THE ERA'S PAST PLUTONIUM PRODUCTION at Hanford continues to present grave consequences for current and future generations. The Cold War mentality stressed production at all costs and allowed acting political leaders, the military, scientists, and trusted health professionals to make poor decisions in regards to worker, public, and environmental health and safety at every nuclear research and production facility across the country involved with the project. An utter disregard for all living things was evident which created a mindset where institutional deception was fostered so radiation experiments and production could be carried out without public discourse or disclosure. Ultimately, attitudes like these threatened and continue to threaten fundamental issues of American democracy.
Although it is easy to criticize those involved in hindsight, it should be stressed that health repercussions resulting from radiation contamination were known and the precautions to counter their health effects were disregarded because "Production, not health and safety, was the first priority." As Michelle Gerber points out in On the Home Front, workers' families and area residents should have been located further away from the reservation. More importantly, could decisions regarding human and environmental safety at Hanford been made in a more and public and inclusive manner without threatening National Security?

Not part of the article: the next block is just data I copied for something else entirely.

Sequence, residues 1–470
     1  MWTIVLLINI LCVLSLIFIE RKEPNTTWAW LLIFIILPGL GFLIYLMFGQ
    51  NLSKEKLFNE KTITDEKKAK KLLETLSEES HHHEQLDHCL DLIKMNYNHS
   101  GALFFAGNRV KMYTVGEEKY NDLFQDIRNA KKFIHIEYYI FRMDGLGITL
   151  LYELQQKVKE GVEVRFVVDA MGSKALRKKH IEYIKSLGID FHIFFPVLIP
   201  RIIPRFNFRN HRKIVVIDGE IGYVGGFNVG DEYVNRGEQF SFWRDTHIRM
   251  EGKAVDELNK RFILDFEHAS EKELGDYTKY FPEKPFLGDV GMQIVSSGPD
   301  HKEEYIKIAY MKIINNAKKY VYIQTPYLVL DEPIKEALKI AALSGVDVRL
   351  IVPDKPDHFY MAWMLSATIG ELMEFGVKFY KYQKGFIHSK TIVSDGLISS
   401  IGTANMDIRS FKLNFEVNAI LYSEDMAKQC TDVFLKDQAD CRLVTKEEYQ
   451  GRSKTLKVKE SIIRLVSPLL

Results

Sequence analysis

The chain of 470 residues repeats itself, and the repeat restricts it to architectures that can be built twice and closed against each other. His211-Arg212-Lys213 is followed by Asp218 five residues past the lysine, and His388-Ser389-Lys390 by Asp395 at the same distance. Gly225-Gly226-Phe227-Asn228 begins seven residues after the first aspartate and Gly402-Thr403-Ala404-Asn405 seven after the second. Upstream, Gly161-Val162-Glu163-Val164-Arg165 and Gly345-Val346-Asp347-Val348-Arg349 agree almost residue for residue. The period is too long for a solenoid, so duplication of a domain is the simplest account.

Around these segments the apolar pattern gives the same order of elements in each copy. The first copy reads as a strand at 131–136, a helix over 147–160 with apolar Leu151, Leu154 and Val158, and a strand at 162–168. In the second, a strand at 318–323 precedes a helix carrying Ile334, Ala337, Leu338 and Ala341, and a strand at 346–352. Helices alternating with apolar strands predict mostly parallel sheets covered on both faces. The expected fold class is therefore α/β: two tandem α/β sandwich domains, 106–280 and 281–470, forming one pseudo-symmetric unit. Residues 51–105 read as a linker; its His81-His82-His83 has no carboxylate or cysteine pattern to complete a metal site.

In regards to the uncanny and overwhelming incident of illness and disease in the Hanford downwinder population, I personally find it difficult to accept the uncommitted results of the Hanford Thyroid Disease Study. Epistemological studies like these fail to take into account the inherent complexities of radiation exposure and illness, which differ from individual to individual according to a complex array of varying factors. In any case, class action lawsuits will continue to build and may take years to be heard while more people become ill or die waiting for answers and retribution.
Will we forget the issues at hand and let our government and corporate officials continue with reckless abandon when it comes to making decisions on the future of nuclear energy, atomic weaponry, and other long-term environmentally destructive industries? Or will we take charge and demand research and development of sustainable forms of energy that have the possibility to render nuclear energy and fossil fuels obsolete? With the previous Bush and now current Obama administration promoting nuclear energy in the wake of the Fukushima Daiichi nuclear disaster it is increasingly important that we become active, informed citizens and involve ourselves in government affairs and decision-making concerning nuclear weaponry and energy development while keeping in mind the past generation's nuclear follies and mistakes.
— Kim Stringfellow 2012